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  • W.S. BARNETT

A Dream, Delay, and Devastation: My 9/11 Story

It has been 20 years. I will never forget.


A Dream

It was a beautiful Fall morning on September 11, 2001. The sun was shining so brightly, splashing its rays across the bluest sky I had not seen in a long time. The night before, I had a dream where I was running home. Finally, I made it home. My mother stood in the living room with her arms stretched wide as I thrust into them and broke down weeping. I would not let go. I was inconsolable.


I overslept and woke at 7:00 am. I knew then I would not get to my office on time. I frantically jumped in the shower, then dressed and bolted out the door. A few weeks prior, I joined the staff as Executive Assistant to the president of the King's College. Our offices were in the Empire State Building. My average travel time, with good to medium subway traffic flow, is about 1.5 hours. I knew I was done at that point and feared getting reprimanded or even fired. Upon getting on the bus en route to the subway, I remembered that I owed a friend some money who attended Alliance Theological Seminary in lower Manhattan. I phoned the college from my mobile to give them a heads up on my late ETA but no answer.


Delay

After boarding the Manhattan-bound E train from Queens, I realized that I had no cash, and what was worse, I was not wearing a tie (company policy). I hopped off at 42nd street and headed into Bank of America at Times Square. I was delayed there for more than 20 minutes.


While I waited in line, my eyes took me to a flat-screen TV on the wall. A plane was circling the World Trade Center towers. It was 8:45 when I saw it crash into the North Tower of the World Trade Center. At that point, I drew a blank and thought what I was seeing was not real. I focused on getting downtown to hand off the cash to my friend. I rushed outside only to see a mass of people walking the streets looking up into the sky in horror, not saying a word. Still distracted, I hopped onto another train heading to the World Trade Center. When we arrived at the 34th Street Penn Station, the train abruptly stopped between the platform and the tunnel, only a few stops before the Trade Center. The lights went out, and then an announcement was made that we had to evacuate the train.


The Towers are gone! The Towers are gone!

All of a sudden, I heard someone scream, “The towers are gone! The towers are gone!” People began to fight, and hysteria broke out. Still bewildered and distracted, I hopped off the train (The Empire State Building was only a few blocks away). As I ran towards the building, by then, it was 9 am. I later found out that a second plane hit the south tower. Afraid of losing my job for not following the dress code, I darted into a menswear store and bought a $40.00 tie. No one told me anything. All these years later, I still have my "9/11" tie. I was so removed from everything happening that I did not even notice the yellow police tape around Empire State Building. And then it hit me.


Devastation

I heard screaming, moaning, weeping. People were falling in the streets, fainting, and flailing. It was at that moment they knew they had lost their loved ones in the towers. The cries for help could be heard from 34th street down to the desecrated site. I tried calling home, but the cell phone tower had collapsed, and no one could get service. I braced myself, thinking we would all be taken captive or murdered. I paced back and forth as the sun beamed on my head, pouring with sweat. I clutched my bible in my hand and prayed as the mass of mourners pulled me down 7th avenue toward Madison Square Garden. It was as if the blood of the dead were calling out from Ground Zero miles away. As I walked further, the sounds increased; fear began to grip me. I moved away from the crowd and went into a TGIF restaurant. There was a group of people seated at tables in complete silence. Some were weeping, others in shock and horror. It was a hopeless situation. I sat down at my table, and the waiter took my order. I began to pray, “Lord, if this is my time to go, I am ready.” I confessed my sins and reflected on my life, my family, and all of my loved ones whom I believed I would never see again; I was either about to be taken hostage, killed, or stranded in Manhattan for God knows how long. The trains were shut down for several hours as I sat in the restaurant, writing, reflecting, weeping, and praying.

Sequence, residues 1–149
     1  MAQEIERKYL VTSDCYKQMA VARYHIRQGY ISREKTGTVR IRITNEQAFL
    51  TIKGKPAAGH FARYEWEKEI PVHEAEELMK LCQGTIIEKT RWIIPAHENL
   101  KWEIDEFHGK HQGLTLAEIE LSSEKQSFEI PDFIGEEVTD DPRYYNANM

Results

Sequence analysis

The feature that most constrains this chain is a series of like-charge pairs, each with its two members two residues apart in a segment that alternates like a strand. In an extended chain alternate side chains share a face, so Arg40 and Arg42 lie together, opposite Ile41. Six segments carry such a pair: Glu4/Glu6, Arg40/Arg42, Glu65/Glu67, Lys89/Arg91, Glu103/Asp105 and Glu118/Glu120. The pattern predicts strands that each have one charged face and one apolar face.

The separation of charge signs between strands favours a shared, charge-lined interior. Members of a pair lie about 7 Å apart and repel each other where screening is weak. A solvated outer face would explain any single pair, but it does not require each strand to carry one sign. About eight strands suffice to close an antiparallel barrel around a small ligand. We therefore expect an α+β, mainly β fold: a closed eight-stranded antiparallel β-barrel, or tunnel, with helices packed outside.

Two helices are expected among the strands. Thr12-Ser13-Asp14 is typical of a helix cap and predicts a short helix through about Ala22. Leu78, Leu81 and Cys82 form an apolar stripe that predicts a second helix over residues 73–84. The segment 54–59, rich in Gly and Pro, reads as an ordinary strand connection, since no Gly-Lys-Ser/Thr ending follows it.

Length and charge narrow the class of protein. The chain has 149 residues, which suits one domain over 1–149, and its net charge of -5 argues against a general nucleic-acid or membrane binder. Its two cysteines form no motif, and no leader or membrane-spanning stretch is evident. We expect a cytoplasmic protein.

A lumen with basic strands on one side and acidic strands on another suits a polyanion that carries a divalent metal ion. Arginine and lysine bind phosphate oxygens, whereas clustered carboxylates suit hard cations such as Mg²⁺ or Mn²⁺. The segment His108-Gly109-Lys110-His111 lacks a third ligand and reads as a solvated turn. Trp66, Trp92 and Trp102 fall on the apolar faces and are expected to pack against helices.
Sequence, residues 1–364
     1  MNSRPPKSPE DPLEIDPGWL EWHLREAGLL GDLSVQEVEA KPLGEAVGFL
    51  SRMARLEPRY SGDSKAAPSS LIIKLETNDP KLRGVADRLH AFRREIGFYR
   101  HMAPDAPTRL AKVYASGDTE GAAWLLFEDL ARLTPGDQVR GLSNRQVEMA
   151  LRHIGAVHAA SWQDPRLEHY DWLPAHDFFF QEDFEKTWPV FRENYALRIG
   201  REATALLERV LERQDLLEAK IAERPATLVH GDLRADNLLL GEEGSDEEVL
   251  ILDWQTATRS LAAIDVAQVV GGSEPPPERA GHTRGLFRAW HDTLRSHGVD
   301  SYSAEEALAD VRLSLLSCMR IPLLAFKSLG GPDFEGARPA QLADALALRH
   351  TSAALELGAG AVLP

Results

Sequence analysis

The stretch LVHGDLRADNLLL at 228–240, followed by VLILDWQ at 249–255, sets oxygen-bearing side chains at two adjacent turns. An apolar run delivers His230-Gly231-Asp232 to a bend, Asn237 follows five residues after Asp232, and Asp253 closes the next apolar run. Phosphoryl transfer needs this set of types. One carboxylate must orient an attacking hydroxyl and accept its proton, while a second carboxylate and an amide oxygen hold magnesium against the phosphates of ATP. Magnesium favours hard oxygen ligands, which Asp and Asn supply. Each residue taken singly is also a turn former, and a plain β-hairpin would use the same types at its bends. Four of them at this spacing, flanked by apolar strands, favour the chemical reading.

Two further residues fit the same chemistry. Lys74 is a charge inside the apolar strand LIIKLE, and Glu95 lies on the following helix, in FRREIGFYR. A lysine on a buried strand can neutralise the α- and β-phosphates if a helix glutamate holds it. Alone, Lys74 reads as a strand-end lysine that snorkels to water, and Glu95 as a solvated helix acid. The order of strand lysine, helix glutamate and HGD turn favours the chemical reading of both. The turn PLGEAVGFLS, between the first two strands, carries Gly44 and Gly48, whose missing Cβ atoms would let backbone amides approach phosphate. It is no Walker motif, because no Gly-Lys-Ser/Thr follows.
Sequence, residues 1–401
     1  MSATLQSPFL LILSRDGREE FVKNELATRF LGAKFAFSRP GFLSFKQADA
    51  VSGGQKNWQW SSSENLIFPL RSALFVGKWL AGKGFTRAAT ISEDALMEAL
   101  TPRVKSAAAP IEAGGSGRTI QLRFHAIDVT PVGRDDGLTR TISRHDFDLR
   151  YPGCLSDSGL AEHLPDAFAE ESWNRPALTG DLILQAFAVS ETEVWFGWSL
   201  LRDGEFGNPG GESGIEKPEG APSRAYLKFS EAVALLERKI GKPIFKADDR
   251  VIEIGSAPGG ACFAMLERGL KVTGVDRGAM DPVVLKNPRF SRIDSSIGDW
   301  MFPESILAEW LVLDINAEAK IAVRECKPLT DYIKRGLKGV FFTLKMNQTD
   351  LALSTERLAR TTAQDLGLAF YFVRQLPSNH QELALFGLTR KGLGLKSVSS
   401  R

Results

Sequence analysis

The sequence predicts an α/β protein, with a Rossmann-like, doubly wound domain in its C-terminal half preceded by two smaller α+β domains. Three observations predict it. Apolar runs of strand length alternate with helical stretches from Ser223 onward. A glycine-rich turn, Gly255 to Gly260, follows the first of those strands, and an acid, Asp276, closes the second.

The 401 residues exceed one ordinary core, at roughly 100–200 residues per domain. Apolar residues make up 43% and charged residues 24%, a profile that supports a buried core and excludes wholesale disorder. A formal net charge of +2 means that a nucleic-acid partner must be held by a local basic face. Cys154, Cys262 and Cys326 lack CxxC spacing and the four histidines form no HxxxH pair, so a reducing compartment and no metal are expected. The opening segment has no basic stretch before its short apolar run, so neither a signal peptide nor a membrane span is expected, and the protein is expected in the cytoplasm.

About 2 pm, the trains started again, and as you can imagine, mobs were trying to get home. I pressed my way in and finally got on the train heading back to Queens. After two or three hours on that train, I made it to the station, jumped off the train, and was overcome with weakness. I took the first bus I could find home and wept all the way. When I got to my street, I composed myself, and then I started running. I thought I would still be taken captive; I still heard the voices, the sirens. My mind was filled with horror and images. Finally, I got home. And just like it was in my dream when I opened the door, my mother stood there in the living room, eyes filled with tears, her arms wide open. I fell into her arms and wept.